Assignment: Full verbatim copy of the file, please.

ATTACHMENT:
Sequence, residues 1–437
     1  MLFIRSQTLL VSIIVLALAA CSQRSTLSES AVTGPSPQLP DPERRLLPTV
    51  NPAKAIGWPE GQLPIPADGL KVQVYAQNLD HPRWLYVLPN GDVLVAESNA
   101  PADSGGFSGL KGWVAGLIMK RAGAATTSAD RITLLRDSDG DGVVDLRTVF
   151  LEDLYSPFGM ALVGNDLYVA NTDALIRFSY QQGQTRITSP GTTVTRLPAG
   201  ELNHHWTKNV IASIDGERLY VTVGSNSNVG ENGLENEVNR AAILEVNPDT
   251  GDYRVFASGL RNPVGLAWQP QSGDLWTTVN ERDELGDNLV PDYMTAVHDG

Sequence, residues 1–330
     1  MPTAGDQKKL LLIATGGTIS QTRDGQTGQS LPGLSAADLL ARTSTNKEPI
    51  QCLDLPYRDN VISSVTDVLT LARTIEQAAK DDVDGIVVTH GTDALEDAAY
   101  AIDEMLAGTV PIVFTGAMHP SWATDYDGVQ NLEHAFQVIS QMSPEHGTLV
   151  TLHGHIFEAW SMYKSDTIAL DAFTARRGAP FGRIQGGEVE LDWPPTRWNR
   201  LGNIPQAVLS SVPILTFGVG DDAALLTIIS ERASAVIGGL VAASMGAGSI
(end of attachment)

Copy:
Sequence, residues 1–437
     1  MLFIRSQTLL VSIIVLALAA CSQRSTLSES AVTGPSPQLP DPERRLLPTV
    51  NPAKAIGWPE GQLPIPADGL KVQVYAQNLD HPRWLYVLPN GDVLVAESNA
   101  PADSGGFSGL KGWVAGLIMK RAGAATTSAD RITLLRDSDG DGVVDLRTVF
   151  LEDLYSPFGM ALVGNDLYVA NTDALIRFSY QQGQTRITSP GTTVTRLPAG
   201  ELNHHWTKNV IASIDGERLY VTVGSNSNVG ENGLENEVNR AAILEVNPDT
   251  GDYRVFASGL RNPVGLAWQP QSGDLWTTVN ERDELGDNLV PDYMTAVHDG

Sequence, residues 1–330
     1  MPTAGDQKKL LLIATGGTIS QTRDGQTGQS LPGLSAADLL ARTSTNKEPI
    51  QCLDLPYRDN VISSVTDVLT LARTIEQAAK DDVDGIVVTH GTDALEDAAY
   101  AIDEMLAGTV PIVFTGAMHP SWATDYDGVQ NLEHAFQVIS QMSPEHGTLV
   151  TLHGHIFEAW SMYKSDTIAL DAFTARRGAP FGRIQGGEVE LDWPPTRWNR
   201  LGNIPQAVLS SVPILTFGVG DDAALLTIIS ERASAVIGGL VAASMGAGSI